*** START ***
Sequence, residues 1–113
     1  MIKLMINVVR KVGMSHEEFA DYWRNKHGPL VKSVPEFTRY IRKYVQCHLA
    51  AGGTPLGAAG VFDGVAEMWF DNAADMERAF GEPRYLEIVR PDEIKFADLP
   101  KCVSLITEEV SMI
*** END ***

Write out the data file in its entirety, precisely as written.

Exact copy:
Sequence, residues 1–113
     1  MIKLMINVVR KVGMSHEEFA DYWRNKHGPL VKSVPEFTRY IRKYVQCHLA
    51  AGGTPLGAAG VFDGVAEMWF DNAADMERAF GEPRYLEIVR PDEIKFADLP
   101  KCVSLITEEV SMI